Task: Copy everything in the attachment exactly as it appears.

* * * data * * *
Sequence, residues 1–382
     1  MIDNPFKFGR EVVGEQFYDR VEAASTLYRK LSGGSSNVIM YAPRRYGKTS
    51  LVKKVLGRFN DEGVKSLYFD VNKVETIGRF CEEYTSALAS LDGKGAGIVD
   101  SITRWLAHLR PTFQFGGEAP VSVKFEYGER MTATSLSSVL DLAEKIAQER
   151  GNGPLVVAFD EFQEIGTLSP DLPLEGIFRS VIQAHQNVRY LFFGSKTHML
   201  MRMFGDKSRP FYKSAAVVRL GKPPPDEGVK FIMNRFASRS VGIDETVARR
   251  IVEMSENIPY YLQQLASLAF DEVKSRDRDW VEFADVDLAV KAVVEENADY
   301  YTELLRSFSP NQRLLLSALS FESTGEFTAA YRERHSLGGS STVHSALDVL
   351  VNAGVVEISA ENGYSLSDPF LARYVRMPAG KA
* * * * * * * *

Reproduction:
Sequence, residues 1–382
     1  MIDNPFKFGR EVVGEQFYDR VEAASTLYRK LSGGSSNVIM YAPRRYGKTS
    51  LVKKVLGRFN DEGVKSLYFD VNKVETIGRF CEEYTSALAS LDGKGAGIVD
   101  SITRWLAHLR PTFQFGGEAP VSVKFEYGER MTATSLSSVL DLAEKIAQER
   151  GNGPLVVAFD EFQEIGTLSP DLPLEGIFRS VIQAHQNVRY LFFGSKTHML
   201  MRMFGDKSRP FYKSAAVVRL GKPPPDEGVK FIMNRFASRS VGIDETVARR
   251  IVEMSENIPY YLQQLASLAF DEVKSRDRDW VEFADVDLAV KAVVEENADY
   301  YTELLRSFSP NQRLLLSALS FESTGEFTAA YRERHSLGGS STVHSALDVL
   351  VNAGVVEISA ENGYSLSDPF LARYVRMPAG KA